Request for Accommodations
A student who wishes to request an accommodation(s) for any covered disability (including a learning disability) must review the request guidelines provided in this document. The student then must personally complete the Accommodation Request Form and submit it to the Office of the Academic Dean for review and approval.
Please note that the student must provide appropriate documentation as described in the guidelines that is no more than 3 years old and additionally, that IEP’s are not acceptable documentation for colleges and universities.
If you would like to request an accommodation, please complete the Request for Accommodations form (found on the Request for Accommodations tab of the Academics webpage on the MMI website) and send it or fax it to the office of the Academic Dean (address and fax number can be found on the form).
DISABILITY VERIFICATION OF LEARNING DISABILITIES
Qualifications of the Evaluator
The name, title, and license/certification credentials of the evaluator, including information about license or certification (i.e., licensed psychologist) as well as the area of specialization, employment, and state in which the individual practices must be clearly stated in the report. The following professionals are generally considered qualified to diagnose learning disabilities: clinical psychologists, school psychologists, neuropsychologists, learning disability specialist, diagnostician, and psychiatrists who have expertise in evaluating the impact of learning disabilities on an individual’s educational performance. All reports should be on official letterhead, dated, and signed.
An evaluation should be no more than three years old. Documentation should substantiate the need for services based on the student’s current level of functioning. A school plan such as an IEP or a 504 Accommodation Plan is insufficient documentation, but may be included as part of a more comprehensive report.
Identification of Learning Disabilities
Evaluation should include a clinical interview, assessment of aptitude AND academic achievement, and a diagnosis of LD.
Clinical Interview- Relevant information regarding the student’s academic history and learning abilities should be included. Also, medical, developmental, and social histories should be investigated and reported, along with any family history of educational, medical, or psychological difficulties. Medical, social, and psychological problems should be ruled out as causes of learning disabilities.
Assessment of Aptitude-A complete intellectual assessment, with standard scores reported, is required. The following tests are recommended for assessment of aptitude; other appropriate measures may be used at the examiner’s discretion.
• Wechsler Adult Intelligence Scale (3rd Edition)
• Stanford-Binet Intelligence Scale (4th Edition)
• Woodcock-Johnson Cognitive Processing Battery to substantiate any processing problems
The Slosson Intelligence Test-Revised and the Kaufman Brief Intelligence Test are screening devices, thus are not appropriate for the diagnosis of learning disabilities.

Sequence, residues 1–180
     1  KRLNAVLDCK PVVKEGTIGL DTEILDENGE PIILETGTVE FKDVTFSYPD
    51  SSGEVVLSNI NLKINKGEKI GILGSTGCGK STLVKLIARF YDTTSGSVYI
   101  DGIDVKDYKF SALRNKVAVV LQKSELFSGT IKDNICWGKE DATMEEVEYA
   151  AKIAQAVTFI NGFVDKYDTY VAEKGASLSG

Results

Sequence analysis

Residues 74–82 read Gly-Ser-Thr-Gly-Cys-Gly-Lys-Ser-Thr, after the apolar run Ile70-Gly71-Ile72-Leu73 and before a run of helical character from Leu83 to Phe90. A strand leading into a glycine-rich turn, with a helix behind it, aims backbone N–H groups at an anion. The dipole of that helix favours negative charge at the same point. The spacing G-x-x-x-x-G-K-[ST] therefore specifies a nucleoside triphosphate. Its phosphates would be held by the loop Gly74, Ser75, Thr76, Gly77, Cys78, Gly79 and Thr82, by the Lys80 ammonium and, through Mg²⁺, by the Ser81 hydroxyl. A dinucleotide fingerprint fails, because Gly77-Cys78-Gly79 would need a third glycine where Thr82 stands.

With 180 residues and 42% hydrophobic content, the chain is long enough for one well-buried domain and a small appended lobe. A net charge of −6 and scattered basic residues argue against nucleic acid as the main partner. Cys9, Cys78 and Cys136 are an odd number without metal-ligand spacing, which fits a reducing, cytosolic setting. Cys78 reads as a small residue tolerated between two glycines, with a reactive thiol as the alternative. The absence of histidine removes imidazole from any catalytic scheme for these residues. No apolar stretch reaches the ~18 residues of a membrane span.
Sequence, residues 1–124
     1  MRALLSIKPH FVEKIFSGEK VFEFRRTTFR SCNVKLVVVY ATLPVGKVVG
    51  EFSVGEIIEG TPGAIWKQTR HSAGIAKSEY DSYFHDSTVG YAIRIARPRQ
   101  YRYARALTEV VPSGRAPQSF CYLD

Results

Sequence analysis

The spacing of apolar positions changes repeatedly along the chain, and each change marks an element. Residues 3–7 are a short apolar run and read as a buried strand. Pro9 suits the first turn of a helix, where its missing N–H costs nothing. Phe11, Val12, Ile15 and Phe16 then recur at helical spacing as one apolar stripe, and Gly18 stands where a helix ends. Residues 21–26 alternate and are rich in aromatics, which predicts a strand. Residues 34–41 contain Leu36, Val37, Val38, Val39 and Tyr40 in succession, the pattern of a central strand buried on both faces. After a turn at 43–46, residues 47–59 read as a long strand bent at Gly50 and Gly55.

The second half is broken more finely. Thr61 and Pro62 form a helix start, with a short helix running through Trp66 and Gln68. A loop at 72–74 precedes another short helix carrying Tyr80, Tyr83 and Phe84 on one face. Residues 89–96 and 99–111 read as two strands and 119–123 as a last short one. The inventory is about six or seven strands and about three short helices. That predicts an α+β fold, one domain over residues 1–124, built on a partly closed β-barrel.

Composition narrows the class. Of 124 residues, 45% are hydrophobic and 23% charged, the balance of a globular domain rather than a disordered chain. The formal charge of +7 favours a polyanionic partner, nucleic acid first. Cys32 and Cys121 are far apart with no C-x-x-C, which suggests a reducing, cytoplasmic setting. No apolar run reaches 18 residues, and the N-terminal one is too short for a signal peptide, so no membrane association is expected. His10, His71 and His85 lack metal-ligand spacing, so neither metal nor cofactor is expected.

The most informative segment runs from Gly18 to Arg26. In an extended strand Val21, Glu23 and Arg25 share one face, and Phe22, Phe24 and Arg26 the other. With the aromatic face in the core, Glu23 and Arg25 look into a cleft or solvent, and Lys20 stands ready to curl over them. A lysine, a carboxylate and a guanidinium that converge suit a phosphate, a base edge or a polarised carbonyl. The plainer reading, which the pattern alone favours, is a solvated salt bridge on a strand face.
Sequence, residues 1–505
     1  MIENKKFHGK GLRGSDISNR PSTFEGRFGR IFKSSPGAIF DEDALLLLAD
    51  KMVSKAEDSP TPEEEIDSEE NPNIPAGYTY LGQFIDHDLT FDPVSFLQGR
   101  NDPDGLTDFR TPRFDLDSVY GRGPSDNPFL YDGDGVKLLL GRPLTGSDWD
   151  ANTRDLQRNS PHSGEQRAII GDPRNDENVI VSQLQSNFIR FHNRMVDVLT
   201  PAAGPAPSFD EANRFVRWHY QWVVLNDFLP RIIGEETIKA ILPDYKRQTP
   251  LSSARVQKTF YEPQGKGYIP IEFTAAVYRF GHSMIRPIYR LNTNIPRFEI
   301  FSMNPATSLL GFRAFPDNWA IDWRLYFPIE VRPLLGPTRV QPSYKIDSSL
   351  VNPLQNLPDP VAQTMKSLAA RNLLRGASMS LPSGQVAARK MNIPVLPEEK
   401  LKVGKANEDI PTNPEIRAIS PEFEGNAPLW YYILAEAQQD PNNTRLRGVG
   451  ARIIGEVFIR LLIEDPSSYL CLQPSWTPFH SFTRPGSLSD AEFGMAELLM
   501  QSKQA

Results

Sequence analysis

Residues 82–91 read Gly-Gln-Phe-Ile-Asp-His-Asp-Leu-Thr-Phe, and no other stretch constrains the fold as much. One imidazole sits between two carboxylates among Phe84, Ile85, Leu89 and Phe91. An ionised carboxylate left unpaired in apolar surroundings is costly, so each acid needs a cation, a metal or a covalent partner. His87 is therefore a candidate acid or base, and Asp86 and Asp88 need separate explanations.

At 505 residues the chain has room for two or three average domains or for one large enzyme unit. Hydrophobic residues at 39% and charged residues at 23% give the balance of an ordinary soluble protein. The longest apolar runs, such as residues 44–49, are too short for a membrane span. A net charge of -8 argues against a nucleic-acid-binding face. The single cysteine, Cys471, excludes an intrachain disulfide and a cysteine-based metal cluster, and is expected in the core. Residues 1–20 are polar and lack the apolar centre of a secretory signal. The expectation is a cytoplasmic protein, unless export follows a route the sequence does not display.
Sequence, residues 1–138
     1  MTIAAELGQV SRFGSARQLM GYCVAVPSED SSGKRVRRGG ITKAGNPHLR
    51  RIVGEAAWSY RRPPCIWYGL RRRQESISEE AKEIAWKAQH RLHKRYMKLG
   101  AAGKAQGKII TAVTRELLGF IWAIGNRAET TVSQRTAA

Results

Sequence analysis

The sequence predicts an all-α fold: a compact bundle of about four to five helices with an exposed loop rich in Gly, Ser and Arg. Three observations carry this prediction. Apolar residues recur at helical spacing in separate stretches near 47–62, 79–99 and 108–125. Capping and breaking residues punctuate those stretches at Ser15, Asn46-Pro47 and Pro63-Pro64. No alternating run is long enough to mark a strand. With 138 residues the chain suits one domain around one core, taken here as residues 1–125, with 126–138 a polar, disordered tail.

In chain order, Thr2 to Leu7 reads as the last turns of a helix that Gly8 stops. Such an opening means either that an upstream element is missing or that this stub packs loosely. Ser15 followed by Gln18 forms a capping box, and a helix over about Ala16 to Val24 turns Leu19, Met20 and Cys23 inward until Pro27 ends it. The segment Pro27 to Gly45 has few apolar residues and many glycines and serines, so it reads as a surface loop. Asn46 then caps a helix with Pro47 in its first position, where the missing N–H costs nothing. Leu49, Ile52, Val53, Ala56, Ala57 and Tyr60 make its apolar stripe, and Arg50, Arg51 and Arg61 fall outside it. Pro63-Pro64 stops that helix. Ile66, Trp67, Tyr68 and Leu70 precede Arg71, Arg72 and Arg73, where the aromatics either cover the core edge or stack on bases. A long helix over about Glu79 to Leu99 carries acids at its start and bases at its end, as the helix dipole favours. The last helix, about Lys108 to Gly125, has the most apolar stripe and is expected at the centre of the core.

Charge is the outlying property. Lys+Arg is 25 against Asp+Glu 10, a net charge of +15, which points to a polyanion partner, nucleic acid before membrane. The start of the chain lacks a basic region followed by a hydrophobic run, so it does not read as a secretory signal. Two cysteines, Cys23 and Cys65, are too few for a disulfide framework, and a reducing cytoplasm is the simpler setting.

Assessment of Academic Achievement- Norm-referenced academic achievement tests, with subtests and standard scores reported, are essential. The assessment should include evaluation of reading, math, and written language. Also, it may be useful to include other evaluations, such as informal inventories or classroom observations. The following standardized tests are recommended for assessment of academic achievement; other appropriate measures may be used at the examiner’s discretion.
• Woodstock-Johnson Psychoeducational Battery-Revised
• Tests of Achievement (to substantiate any processing problem)
• Wechsler Individual Achievement Test (if student falls within age norms)
• Kaufman Test of Educational Achievement (if student falls within age norms)
• KeyMath Diagnostic Arithmetic Test-Revised if student falls within age norms)
• Test of Written Language-3 (if student falls within age norms)
• Grey Oral Reading test 3 (if student fall within age normal)
The Wide Range Achievement Test (WRAT3) is a screening device, thus is not appropriate for the diagnosis of learning disabilities.
Diagnosis of Learning Disabilities- The evaluator should use direct language in the diagnosis of a learning disability based on DSM-IV criteria: a SPECIFIC statement that a learning disability exists is required for services and accommodations. Also the evaluator must describe the substantial limitation(s) to academic learning that are presented by the learning disability. If the data indicates that a learning disability is not present the evaluator should state that finding in the report. The report must outline alternative explanations and diagnosis.
Recommendations for Accommodations
The report should include specific recommendations for academic accommodations and the rationale for such accommodations. If accommodations are not identified specifically in the diagnostic report, Disability Services must request this information before services can be provided. A history of accommodations does not in itself warrant the provision of similar accommodations at Marion Military Institute. The final determination of appropriate and reasonable accommodation rests with the Dean of Academics.